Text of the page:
So parking or no parking….it comes down to planning and imagining and building. And I do not have confidence in Mr. Cardenas, whose record shows indifference to the quality of life in Van Nuys.


      1. Andy, Van Nuys boulevard isn’t as bad as you think. Van Nuys isn’t upscale, but it is very busy. The stores on the boulevard meet the needs of the low-income residents nearby, and Van Nuys Boulevard is home to starter entrepreneurs and franchisees, many of whom are immigrants. So you do have the ethnic factor working on the boulevard.

        These starter businesses don’t provide many jobs, and aren’t destinations in their own right, except for the residents of the even poorer Northeast Valley. (Hint: The Van Nuys Boulevard buses are the busiest lines in the Valley outside of the Orange Line).

        These businesses provide vitality, though. You have Mexican, Korean, Indian, Pakistani and Persian entrepreneurs providing affordable foods, goods and services. These bring people to Van Nuys Boulevard. People and open shops, regardless of how much value they generate, keep a street alive.

        If the storefronts were all vacant and no one was walking around, Van Nuys would be a far worse place.

        A fate even worse than emptiness and abandonment is what you have on Sepulveda Boulevard. Van Nuys could have been Sepulveda, but you had just enough people to care about it not to let it fall into dereliction.

        This is doubly tragic because not only did abandonment lead to reactivation by a zone of degeneracy, but also because degeneracy now has an ecosystem in which to thrive.

        Sepulveda is a window into the stratum of society Karl Marx called the lumpenproletariat. It’s basically a class that suffers the same low status and deprivations of the poor, yet they choose illegitimacy (criminality for subsistence or personal gain) because they occupy a higher social status as a lowlife.

        You can generally tell a zone of dereliction by looking at what’s on the street. The preponderance of all those motels is a dead giveaway. You’d have to take a picture of Sepulveda with the car windows rolled up so you’re not overwhelmed by the smell of sex.

        You also see it in liquor stores, check cashing places, and junk and salvage yards. These are only the tip of the iceberg. There’s a deeper level of depravity that is going undetected.

        In light of this, Van Nuys is an undervalued asset. Van Nuys Boulevard has the ingredients to improve over time, if given enough time and a chance to evolve. That’s how it happened in the San Gabriel Valley and some other ethnic neighborhoods.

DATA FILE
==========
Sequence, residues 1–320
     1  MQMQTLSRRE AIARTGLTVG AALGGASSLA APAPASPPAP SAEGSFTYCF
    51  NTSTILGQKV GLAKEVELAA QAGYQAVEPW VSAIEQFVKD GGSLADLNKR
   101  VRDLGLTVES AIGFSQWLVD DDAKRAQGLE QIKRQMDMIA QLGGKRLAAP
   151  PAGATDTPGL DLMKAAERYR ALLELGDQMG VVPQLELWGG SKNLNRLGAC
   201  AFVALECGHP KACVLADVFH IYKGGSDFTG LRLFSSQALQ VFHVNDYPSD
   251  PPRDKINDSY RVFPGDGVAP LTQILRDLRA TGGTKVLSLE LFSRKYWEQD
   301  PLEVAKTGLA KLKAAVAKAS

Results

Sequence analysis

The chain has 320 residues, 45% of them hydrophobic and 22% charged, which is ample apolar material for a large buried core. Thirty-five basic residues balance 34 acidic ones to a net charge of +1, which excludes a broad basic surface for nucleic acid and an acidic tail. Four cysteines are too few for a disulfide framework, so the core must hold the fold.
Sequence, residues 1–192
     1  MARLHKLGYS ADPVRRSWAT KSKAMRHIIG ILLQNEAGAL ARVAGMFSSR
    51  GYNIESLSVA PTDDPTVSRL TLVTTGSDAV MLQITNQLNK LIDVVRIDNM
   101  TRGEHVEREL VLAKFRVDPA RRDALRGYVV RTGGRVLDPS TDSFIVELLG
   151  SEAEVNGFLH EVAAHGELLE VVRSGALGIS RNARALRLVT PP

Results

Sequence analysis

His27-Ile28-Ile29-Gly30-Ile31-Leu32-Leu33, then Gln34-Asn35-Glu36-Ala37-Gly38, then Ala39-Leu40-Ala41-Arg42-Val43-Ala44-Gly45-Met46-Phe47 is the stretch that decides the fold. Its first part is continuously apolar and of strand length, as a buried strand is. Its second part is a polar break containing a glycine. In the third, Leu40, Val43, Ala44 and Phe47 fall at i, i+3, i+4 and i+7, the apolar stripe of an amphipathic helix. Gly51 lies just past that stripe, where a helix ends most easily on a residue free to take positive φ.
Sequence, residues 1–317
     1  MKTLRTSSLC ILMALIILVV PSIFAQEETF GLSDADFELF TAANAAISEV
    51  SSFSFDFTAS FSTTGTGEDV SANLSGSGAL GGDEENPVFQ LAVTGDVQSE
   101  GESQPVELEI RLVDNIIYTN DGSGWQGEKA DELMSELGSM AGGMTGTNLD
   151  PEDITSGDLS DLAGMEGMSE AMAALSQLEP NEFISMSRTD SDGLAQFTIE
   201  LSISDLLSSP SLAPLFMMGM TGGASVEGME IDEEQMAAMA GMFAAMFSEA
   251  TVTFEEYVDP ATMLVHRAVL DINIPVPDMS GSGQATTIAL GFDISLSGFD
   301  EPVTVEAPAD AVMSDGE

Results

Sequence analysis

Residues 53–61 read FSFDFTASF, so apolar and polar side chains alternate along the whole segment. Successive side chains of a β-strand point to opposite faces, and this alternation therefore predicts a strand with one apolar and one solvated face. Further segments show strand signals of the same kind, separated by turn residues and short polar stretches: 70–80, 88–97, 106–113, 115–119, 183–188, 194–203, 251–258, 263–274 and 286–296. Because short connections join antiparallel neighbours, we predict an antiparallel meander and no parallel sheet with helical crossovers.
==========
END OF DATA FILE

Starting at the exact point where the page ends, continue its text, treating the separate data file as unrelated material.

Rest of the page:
This is where a hands-off approach to planning, like the one you say Cardenas and City Hall are practicing, is actually beneficial.

        Planning done wrong leads to more Sepulvedas. Jane Jacobs predicted the Sepulveda effect, as it has happened everywhere. It was due to planning. The process began with a master plan imposed on a neighborhood. The existing neighborhood assets can’t or won’t adapt to the plan. Businesses begin to leave, residents move out and landlords disinvest in properties. If the plans fail, or if changes result in lower land values, the zone of degeneracy reactivates the area to the detriment of many.

        Degeneracy accelerates decline, and it sets in a feedback loop that crowds out or smothers attempts to correct it.


  3. Part of the problem is the parking itself. Don’t think that many of the retailers/restaurateurs have not looked at the area, yet with every property on the west side of Van Nuys Blvd. having different ownerships, there has never been a cohesive development put forward to create a better retailing environment.
    Yes, many of the fast food establishments would love to be there, yet would like to do it their standard way, you know, parking lot, drive-thru, etal.
    With parking in behind these shops/stores, most of the time it is not seen, witness the occupancy rates per the article.
    Banana Republic and the likes of will never locate here as the demographic does not fit, meaning incomes not high enough, and especially in this economy.
    They really need to get a master plan for the area, yet somehow all council people seem to have had other things going on, whether Wachs, Gruel or Cardenas.
    Maybe this time?!


  4. Who do they think is going to use the parking garages anyway? As you asked, who is self-motivated to shop in Van Nuys anyway nowadays? There is, unfortunately, no real shopping district to speak of anymore, and there hasn’t been in decades. What a ludicrous idea!!


    1. We agree Alma. Thank you for your comment.

      Normally, you can charge more when there is an increasing need for a service or product.

      But there is no great demand for shopping in Van Nuys. If there were, we would see Starbucks, Banana Republic, etc.
      Despite the thousands of people who utilize the government buildings everyday, none of these national chains have thought
      downtown Van Nuys a suitable place to locate their businesses.

      The problem with Van Nuys goes back to planning. We simply have no plan for Van Nuys. Mr. Cardenas offers nothing.

      I wonder if the parking lot operators somehow are putting the muscle on the Councilman to get some action going?

      The whole idea of charging more for parking, in a district starving for patrons, is utterly illogical.